Lot’s family lived in Sodom and Gomorrah, an ancient biblical city so wicked that the Lord vowed to destroy it. Lot and his family were warned of the destruction and given time to flee. Angels gave the following direction and warning to Lot’s family: “Escape for thy life; look not behind thee, neither stay thou in all the plain; escape to the mountain, lest thou be consumed” (Genesis 19:17). In other words, “Get out, keep moving, don’t take breaks, and don’t look back.” Almost all of Lot’s family were obedient to the angelic commands. They left the city, they kept moving, but Lot’s wife looked back and was turned into a pillar of salt. I don’t know if her consequence was literal or allegorical, but the implications are clear. For Lot and his family, Sodom and Gomorrah was old news at that point; it was a part of their lives that they were to leave behind and never revisit. Whatever mistakes, drama, or challenges they had while they were there, it was time to leave them in the past and move on. Whether “looking back” represented a longing for past experiences, wallowing in old regrets, or digging up former sins, the Lord’s counsel was unmistakable: Don’t look back.

In contrast, many years later, the children of Israel were being led by Moses through the desert. Their chronic disobedience and murmuring are legendary. On a particularly bad day, the people were complaining about the manna raining from heaven six days a week. In response, the Lord sent “fiery serpents” among them, which bit the people (see Numbers 21:5-6). Moses was commanded to make a brass serpent and put it on a pole, then command the people to look to the serpent to be healed of the poisonous snake bites. Some looked in faith and were healed; others refused to look and perished. Centuries later, Nephi commented on the lack of diligence of those Israelites who died from the serpents’ attack: “Because of the simpleness of the way, or the easiness of it, there were many who perished” (1 Nephi 17:41). We know the brazen serpent was a representation of the Savior of the world. Whether brass snakes have any native curing power or not, the lesson is clear: In moments of trouble, look to the Savior.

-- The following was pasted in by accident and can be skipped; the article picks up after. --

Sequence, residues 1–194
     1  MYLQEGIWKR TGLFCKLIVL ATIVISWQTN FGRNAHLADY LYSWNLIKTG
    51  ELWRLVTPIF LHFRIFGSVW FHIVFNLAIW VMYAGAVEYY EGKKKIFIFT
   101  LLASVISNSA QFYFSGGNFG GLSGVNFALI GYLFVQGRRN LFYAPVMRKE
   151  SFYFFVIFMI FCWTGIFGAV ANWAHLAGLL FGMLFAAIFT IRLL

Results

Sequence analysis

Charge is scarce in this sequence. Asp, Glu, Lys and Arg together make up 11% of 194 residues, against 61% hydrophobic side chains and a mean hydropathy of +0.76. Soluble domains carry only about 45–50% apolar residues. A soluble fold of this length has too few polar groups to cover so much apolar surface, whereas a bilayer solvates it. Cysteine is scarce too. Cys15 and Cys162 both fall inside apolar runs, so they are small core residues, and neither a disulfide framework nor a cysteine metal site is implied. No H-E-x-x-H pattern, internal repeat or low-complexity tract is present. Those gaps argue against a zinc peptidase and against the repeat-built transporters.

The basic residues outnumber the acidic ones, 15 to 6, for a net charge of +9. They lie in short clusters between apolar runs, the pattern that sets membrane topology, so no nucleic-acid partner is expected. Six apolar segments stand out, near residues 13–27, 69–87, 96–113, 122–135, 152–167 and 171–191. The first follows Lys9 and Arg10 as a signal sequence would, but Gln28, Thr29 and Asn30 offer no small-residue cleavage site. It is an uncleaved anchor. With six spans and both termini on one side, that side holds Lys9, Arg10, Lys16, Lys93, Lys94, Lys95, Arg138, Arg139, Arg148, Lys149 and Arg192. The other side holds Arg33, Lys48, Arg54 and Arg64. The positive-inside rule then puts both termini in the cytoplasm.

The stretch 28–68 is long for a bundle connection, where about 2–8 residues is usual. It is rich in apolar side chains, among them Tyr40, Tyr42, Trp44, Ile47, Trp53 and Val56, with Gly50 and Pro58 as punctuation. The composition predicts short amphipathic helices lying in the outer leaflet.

Doing First Things First: Captain Moroni

Going back to Doctrine and Covenants 6:36, notice the phrasing of the Savior’s command: “Look unto me in every thought; doubt not, fear not.” I think there is wisdom in the order in which these commandments are presented. It doesn’t say, “Address your doubts and fears first, then fix your focus on me.” On the contrary, the admonition is to focus on the Savior first, then address other issues. I reiterate that there is no simple solution to most mental health concerns. However, perhaps the Lord is suggesting that if we first turn our thoughts to Him, consistently and faithfully, we might be in a better position to manage our doubts and our fears. As we partake of the sacrament with a broken heart and contrite spirit, we are promised that we will always have His Spirit to be with us if we always remember Him and strive to keep His commandments. Having the Spirit with us will certainly be an effective tool in fighting the spiritual front of our mental health war.

I am reminded of the scene in which Captain Moroni raises the title of liberty. He was exasperated with the traitor Amalickiah and wanted to reaffirm his own commitment to righteousness. After he tore his coat and wrote the memorable phrase “In memory of our God, our religion, and freedom, and our peace, our wives, and our children” (Alma 46:12), he did something remarkable. He put on all of his armor, even down to his shield. Fully dressed in battle gear—fully protected against the physical attacks of his enemies—Captain Moroni then bowed himself to the ground and begged God to preserve his people and their noble cause (see Alma 46:13-17). Before heading to the battlefront to defend his freedom, Captain Moroni sought the only protection that is guaranteed through faithful obedience. Our Father in Heaven will never abandon those who reach out to Him in faith and righteousness. Although His timing is often mysterious and not necessarily in harmony with ours, His assistance is an absolute certainty. 

I’m not suggesting you go fight your mental health battles simply on the spiritual front. The other fronts need just as much attention and require preparation. Like Captain Moroni readying for battle, you should sharpen your swords, polish your armor, and do every other needful thing. Seek competent medical advice. Talk to a trusted professional. Combat your negative thinking on a daily basis. But before all of that, like Captain Moroni, seek for the blessing and protection of Almighty God. Keep your covenants. Serve others. Study and ponder the scriptures. Pray sincerely and often. May the Lord bless you as you turn your focus to Him and reach out for His help, first and foremost. 

Editor’s note: This article was originally published on in April 2019.